Source: The Oregonian (Portland)
Author: Lisa Grace Lednicer
(Oregon) Commuters' nightmare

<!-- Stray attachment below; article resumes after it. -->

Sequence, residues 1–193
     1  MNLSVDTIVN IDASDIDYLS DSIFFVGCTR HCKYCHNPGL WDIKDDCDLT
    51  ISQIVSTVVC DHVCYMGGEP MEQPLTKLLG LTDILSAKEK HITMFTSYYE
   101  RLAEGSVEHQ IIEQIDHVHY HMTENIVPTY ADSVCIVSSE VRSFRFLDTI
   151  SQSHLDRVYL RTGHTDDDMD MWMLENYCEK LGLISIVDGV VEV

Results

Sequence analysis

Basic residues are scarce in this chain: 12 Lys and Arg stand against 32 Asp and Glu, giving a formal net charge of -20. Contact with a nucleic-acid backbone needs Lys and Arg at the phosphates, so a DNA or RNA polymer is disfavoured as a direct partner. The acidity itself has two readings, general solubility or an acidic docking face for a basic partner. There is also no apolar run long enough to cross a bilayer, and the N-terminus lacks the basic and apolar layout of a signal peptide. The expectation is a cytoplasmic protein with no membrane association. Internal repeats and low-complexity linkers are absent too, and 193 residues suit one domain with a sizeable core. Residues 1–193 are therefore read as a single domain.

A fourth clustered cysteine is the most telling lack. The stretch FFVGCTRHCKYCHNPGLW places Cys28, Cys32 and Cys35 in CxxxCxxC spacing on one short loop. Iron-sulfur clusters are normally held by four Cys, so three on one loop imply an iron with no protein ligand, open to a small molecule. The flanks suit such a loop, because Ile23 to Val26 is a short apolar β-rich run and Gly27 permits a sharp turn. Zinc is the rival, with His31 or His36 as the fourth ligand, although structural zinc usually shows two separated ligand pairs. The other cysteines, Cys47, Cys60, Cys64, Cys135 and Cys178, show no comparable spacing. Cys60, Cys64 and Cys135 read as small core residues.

PORTLAND â€“ On a chilly morning last December, 17 minutes before the start of rush hour, the murmur of a crisis flashed across Ron Kroop's pager. The district manager for the Oregon Department of Transportation hopped into his truck and threaded past a conga line of cars before stopping in the Terwilliger Curves, one of the region's most accident-prone stretches of highway. In front of him on Interstate 5 lay a jackknifed tractor-trailer, splayed across two lanes of traffic. The truck driver -- traveling about 65 mph, according to an investigator -- unwittingly had demonstrated that normal freeway speed is too fast for this curvy stretch of I-5, which now carries five times the traffic as when it opened in 1961. Even though highway workers did what they could to divert drivers, the relatively minor accident locked up the region's freeways for 31/2 hours and caused delays up to 20 miles away. It's a scenario likely to play out again and again as commuters stubbornly ignore the 50 mph speed limit and traffic continues to mount between Portland and some of its rapidly growing suburbs. While Washington has the Beltway and New York has the Long Island Expressway, in Portland it's hard to beat the Terwilliger Curves for sheer rush-hour vexation. Squeezed between bluffs and a river, the highway twists and turns through an area with few alternative routes, making it a flash point for crashes, congestion and commuter frustration. Transportation officials say there is a way to significantly reduce the number of accidents on the curves: strictly enforce the 50 mph speed limit as cars negotiate their way through the 7-degree bends. But that would further snarl the daily commute for the 129,400 drivers funneling through each day. Officials note that while the accident rate is above the state average, few people die on the curves. The number of accidents is declining because of safety improvements that include repaving and upgrading the median between north and southbound lanes. No one is pushing for a change in the speed limit, even though the impact of a big accident on the daily commute grows more severe each year. Officials say the occasional three-hour backup is a reasonable price to pay to keep the cars flowing most mornings. "We're always going to have crashes," says KC Humphrey, transportation safety advocate for ODOT's Region 1 division in Portland. "At some point we say, 'What can we live with?' " Demonstration of physics For those who drive the 1.7-mile stretch of I-5 between Spring Garden and Iowa streets, the Terwilliger Curves pose challenges unique to freeways in the state. Five times in just over a mile, the curves change from gentle to sharp. The result for a driver comes down to a physics lesson: It's harder to keep a vehicle in one lane when going around a curve than when traveling a straight stretch of road. The tighter the curve and the higher the speed, the harder it is to keep the car in the same path. Driving even 5 mph over the speed limit increases the difficulty of going around a curve by about 20 percent. The boatlike cars popular when the road was built had an easier time negotiating the road; today's SUVs and tractor-trailer rigs, already prone to tipping with their higher centers of gravity, are especially vulnerable as they speed around curves. Additionally, the sharpness, or radius, changes near entrances and exits to the freeway. Drivers get pulled to the right and left as they attempt to dodge merging cars. Navigating all that gets especially dicey for distracted commuters punching numbers into a cell phone, thumbing their BlackBerrys and sipping coffee. Transportation workers have posted caution signs as well as 50 mph speed limit signs along the curves. But commuters, accustomed to gliding to work along the straight stretches of I-5 to the north and south at 60 mph, tend to ignore them. As the number of cars per lane has increased, the number of rear-enders has gone up, too, as compacts jostle with tractor-trailers for space. "Nobody could have imagined in 1960 that the curves would carry the traffic volumes of today," said Brian Ray, an engineer with Kittelson & Associates, a local transportation consulting firm. "The volumes uncovered a multitude of sins." Competition and pressure The road that would become a source of frustration for today's commuters was met with little discussion or controversy when it was proposed as the final segment of I-5 in the early 1950s, a time when states competed with each other to see who could finish their interstates first. Influential state Highway Engineer R.H. "Sam" Baldock, who led the construction of the interstate system in Oregon, urged a state panel in 1952 to approve the twisty course, even though it ran counter to the federal ideal of a straight road. Pressure to relieve overcrowding on nearby Southwest Barbur Boulevard was intense, and Baldock told panel members that if they didn't act quickly, developers would snap up chunks of the planned route for pricey houses. Besides, he added, there simply wasn't a better option. None of the committee members objected. Portland city commissioners, given the chance to hold public hearings on the proposal, declined. At the ribbon-cutting in December 1961, elected officials bragged that Oregon now had the longest stretch of freeway in the country. But the curves have bedeviled engineers and commuters since the first decade of their opening. By 1970, highway engineers were reporting that the accident rate near Terwilliger Boulevard was more than 50 percent higher than the statewide average, making it one of the five worst sections in Oregon for freeway accidents. In response, engineers installed concrete dividers and lengthened the entrance ramps. Later they built guardrails, reinforced barriers and installed rumble strips to jolt drivers awake. In 1992, they re-built the Terwilliger Boulevard interchange to ease traffic flow problems. Three years later, officials lowered the speed limit from 55 mph to 50 mph. Police intensified patrols and wrote more than 1,000 tickets in just two months. The effect was dramatic: In the month before the change, police received 45 calls for accident assistance. In the first full month afterward, the number fell to 12. The trend continued for six months, but when police backed off the patrols, the calls for accident assistance crept back up. Portland Police Officer Tom Larson, nicknamed "Terwilliger Tom" because he regularly patrols the area, said increased ticketing would shrink the number of crashes but it's not a perfect solution. "No matter how hard you enforce the limit," he said, "there's always gonna be a numbskull coming by and screwing it up." Persistently high crash rate The fixes have helped somewhat. ODOT statistics over the past decade show the number of accidents has decreased, as has the crash rate -- a measurement of the number of crashes per million miles traveled. Yet the problems persist. For 15 of the past 19 years, statistics show, the curves' crash rate has remained higher than the statewide average. And although the crash rate on the curves has been falling, it has been falling more slowly than the statewide rate. With an average of 100 crashes per year in the curves over the past decade, the stretch is one of the most frequent accident locations on I-5 in Oregon, according to federal officials. One senior federal official said Oregon should study whether the road needs redesigning. "I don't think they're looking at the cumulative effects of safety and congestion," said David Cox, division administrator for the Oregon office of the Federal Highway Administration. The cost of an accident goes beyond injuries and crumpled fenders, Cox said. With alternative routes either overcrowded or hard to reach, ambulance drivers, delivery people and commuters all lose valuable time when trapped in an accident-induced jam. "If an accident happens," Cox said, "there's not a lot of opportunities to back out and go a different way." Realignment would be disruptive If state highway engineers were building the road today, they said, they'd straighten the curves to allow commuters to drive through the section at the normal freeway speed of 60 mph. A blueprint sketched by an ODOT engineer 16 years ago shows gentler curves near the Terwilliger Boulevard and Brier Place interchanges, where most of the accidents over the past five years have occurred. Engineers who re-built the Terwilliger Boulevard overpass positioned the columns far enough from the curves to allow for an eventual realignment. But just because a plan is technically feasible doesn't make it politically doable. Even a minor adjustment to the curves, transportation officials say, would cut a swath across Southwest Portland, chopping into Fulton Park and demolishing homes on Canby Street. It would cost upward of $100 million -- roughly what it took to film the movie "The Aviator." So instead, highway officials continue to nibble around the edges. Last year, they began a $23 million safety improvement project scheduled to end this spring. Workers will install new flashing yellow warning lights at the north end of the curves, repave the highway, add reflective road striping and refurbish nine concrete slabs where police can park their cars and aim their radar guns. There are no plans for extensive work on the curves over the next 20 years. Officials said it's not necessary, noting that there have been only two deaths on the road in the past 18 years. More congested roads such as Sunset Highway deserve more money, they said. "Compared to other highways in the state, that's not a horrific section," said Robin McArthur, manager for planning and development for ODOT's Portland region. "We've seen success with what we're doing on that segment of highway, and we hope we'll see the crashes go down."